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Secondary education and the economic recovery

Media Release
3 August 2009

Secondary education and the economic recovery

The government is on the wrong track cutting teacher staffing, when other countries are investing in education as a pathway out of the recession, PPTA president Kate Gainsford says.

A new report released by the PPTA - Secondary education and the economic crisis: building the educational infrastructure for recovery- shows how dangerous a move this would be.

Gainsford said the paper would provide the government with a plan to enable secondary schools to support a recovery when economic circumstances begin to turn.

“We are really supportive of the government’s investment in broadband and school buildings, but it needs to think about the intellectual infrastructure as well.”

The paper contrasts what overseas governments are doing to assist the education sector through the economic crisis with New Zealand’s response.

For example, the US stimulus package allocates some US$100 billion in aid for public schools, including US$40 billion to prevent layoffs and funding for college support and new buildings. There is heavy investment in initiatives intended to elevate the teaching profession and retain teachers.

“They recognise that the senior students in schools today are the post-recession workforce. Our government on the other hand plans to save $50 million a year from 2011 by cutting teacher numbers – forcing these students into larger classes with fewer resources,” she said.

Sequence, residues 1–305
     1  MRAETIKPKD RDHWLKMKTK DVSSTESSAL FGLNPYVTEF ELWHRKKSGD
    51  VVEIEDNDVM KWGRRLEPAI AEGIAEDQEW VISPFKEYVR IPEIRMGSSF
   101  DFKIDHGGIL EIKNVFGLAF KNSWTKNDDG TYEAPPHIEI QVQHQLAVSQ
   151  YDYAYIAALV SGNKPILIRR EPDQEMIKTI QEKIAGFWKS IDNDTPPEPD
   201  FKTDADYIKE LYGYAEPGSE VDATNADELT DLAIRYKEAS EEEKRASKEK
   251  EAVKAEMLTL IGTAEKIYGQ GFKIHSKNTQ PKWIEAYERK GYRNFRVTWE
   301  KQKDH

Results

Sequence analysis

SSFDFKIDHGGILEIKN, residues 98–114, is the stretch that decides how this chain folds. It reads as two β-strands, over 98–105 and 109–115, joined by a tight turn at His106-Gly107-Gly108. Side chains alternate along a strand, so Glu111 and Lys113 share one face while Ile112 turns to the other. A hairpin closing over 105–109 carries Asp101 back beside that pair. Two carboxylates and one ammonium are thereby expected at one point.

The paper also stressed the importance of ACE (adult community education) programmes in times of high unemployment.

“ACE is useful to workers who lose jobs in low skill areas, allowing them to upgrade their skills or learn entirely new practical skills and thus become more employable and more effective workers.

“The government should review its decision to can night classes in light of evidence of their contribution to the economy.
“ACE in schools offers second chance learning and should be utilised for retraining the unemployed,” she said.

The paper promotes high quality education for all as an economic and social necessity.

“Targeted, considered and managed investment in education now has the potential to save the New Zealand taxpayer millions of dollars in the future.

Copies of the paper have been sent to government representatives and can be found on the PPTA website: www.ppta.org.nz

ENDS

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